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Today MS
Today's Meteor Activity

The 'Today's Meteor Activity' graphic shows the averaged daily Meteor Activity provided by the Radio Meteor Observing Bulletin (RMOB). It's updated every hour. This graphic is free for linking to from your own website by using this link


Now it's the time for the encounter with one of the most popular meteor showers: the Perseids. Although this shower has proven to be very dynamic in recent years, (especially in the 1990s, due to the perihelion passage of their parent comet, 109P/Swift-Tuttle in 1992, having orbital period of about 130 years) more recently the meteor activity was mostly concentrated around the "normal" peak, with ZHR around 100 hr-1. However, the crossing of some dense streams has led to enhanced activity in several years (like 2016 for example).

Recent IMO observations found that timing of "traditional" broad maximum varied between λsol=139.8 deg to 140.3 degs, equivalent to 2020 August 12, 08h UT to 21h UT. Node is at λsol=140.0-140.1 degs so the peak is expected to occur on August 12 between 13h and 16h UT with ZHR around 110 hr-1.

A filament crossing has been recovered from 2018 data, on August 12 around 20h UT (λsol=139.79 degs). The filament is thought to be an accumulation of meteoroids in a mean-motion resonance.
A similar filament encounter (ZHR=100 hr-1) is predicteded by Peter Jenniskens at λsol=139.89 degs, equivalent to 2020 August 12, 10h UT.

A possible activity by β-Hydrusids (southern emisphere shower) is predicted by Peter Jenniskens on August 16 at 14h18m UT( λsol=143.886 degs ) due to an encounter with a 1-revolution trail of an unknown Jupiter family comet.

Of course, some minor showers will also be active in August, k-Cygnids, daylight γ-Leonids and Aurigids being the most significant.
Last but not least, don't forget the great help given by Sporadic Meteors: their rates are very close to annual maximum in August.

For Radio Observers, the (theoretical) UT peaks for upcoming showers in August 2020 are as follows:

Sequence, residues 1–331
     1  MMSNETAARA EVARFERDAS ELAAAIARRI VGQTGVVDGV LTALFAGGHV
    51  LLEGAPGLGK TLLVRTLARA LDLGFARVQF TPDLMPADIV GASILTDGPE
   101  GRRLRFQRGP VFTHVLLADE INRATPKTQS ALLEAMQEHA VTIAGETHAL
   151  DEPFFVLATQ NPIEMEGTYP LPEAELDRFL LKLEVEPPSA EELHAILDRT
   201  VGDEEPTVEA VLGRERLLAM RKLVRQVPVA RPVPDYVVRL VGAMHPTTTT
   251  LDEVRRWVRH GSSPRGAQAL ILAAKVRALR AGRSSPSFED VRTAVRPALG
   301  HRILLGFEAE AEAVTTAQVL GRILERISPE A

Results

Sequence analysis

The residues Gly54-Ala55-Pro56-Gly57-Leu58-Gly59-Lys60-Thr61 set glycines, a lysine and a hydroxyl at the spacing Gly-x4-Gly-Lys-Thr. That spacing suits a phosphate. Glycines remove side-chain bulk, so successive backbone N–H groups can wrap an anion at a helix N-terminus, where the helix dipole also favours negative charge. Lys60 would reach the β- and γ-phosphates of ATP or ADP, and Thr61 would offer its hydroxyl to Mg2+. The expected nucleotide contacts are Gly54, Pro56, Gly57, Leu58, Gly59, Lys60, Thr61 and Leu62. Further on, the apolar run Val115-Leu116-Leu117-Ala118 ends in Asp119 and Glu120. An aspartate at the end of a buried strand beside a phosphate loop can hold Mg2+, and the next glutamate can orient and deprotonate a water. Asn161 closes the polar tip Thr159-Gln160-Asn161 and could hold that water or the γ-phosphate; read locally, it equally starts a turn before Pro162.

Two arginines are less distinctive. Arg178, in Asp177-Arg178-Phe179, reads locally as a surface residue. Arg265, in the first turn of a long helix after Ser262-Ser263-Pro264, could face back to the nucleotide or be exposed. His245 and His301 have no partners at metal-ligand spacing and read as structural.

Active: July 17 - August 24
Maximum: August 12, 13h UT to16h UT (node at λsol= 140.0 - 140.1 deg)
ZHR: HIGH (110 hr-1)

Active: August 03 - August 25
Maximum: August 17 (λsol= 145 deg)
ZHR: Low

γ-Leonids (Daytime shower)
Active: August 14 - September 12
Maximum: August 25 (λsol= 152.2 deg)
ZHR: Low

Active: August 28 - September 05
Maximum: August 31 (λsol= 158.6 deg)
ZHR: Low (6 hr-1)

Source: IMO

Some tips about Perseids:
The Perseids Radiant is circumpolar (that means, is above horizon the entire day) for every observer northern of about 32 degs N latitude during shower activity.

For a Central Europe observer (say, in JN59 square and surroundings) the radiant is relatively low above horizon in late afternoon/early evening (15-18 UT) and rather high above horizon in early morning (03-06 UT). Optimal height of radiant above horizon for best radio efficiency can be found between 21 UT and 01 UT, and between 08 UT and 12 UT.

For the Central Europe observer mentioned above, the relative radiant position favors the radio paths in NE/SW direction in morning and early afternoon hours, and NW/SE direction during night hours. Best geometric efficiency direction Vs. Time around Perseids maximum can thus be summarized as follows:

Direction of radio path vs Time for best efficiency (UT):

N/S: 8 - 11 and 23 - 02
NE/SW: 8 - 13
E/W: 10 - 13 and 20 - 23
NW/SE: 20 - 02

This calculation is valid for the center Europe observer as mentioned. Moving significantly away from that area will somewhat change the times for best efficiency, so this table should be used only for an approximate evaluation (although somehow valid for most Europe). Check your actual directions for best efficiency Vs. Time for your area, using tools like Virgo, OH5IY soft and so on. Please note that the above calculated efficiency applies better on Underdense trails ( that produce Pings), while Overdense trails ( that produce longer Bursts) are somewhat less dependent by geometry (radiant position with respect to direction of radio path).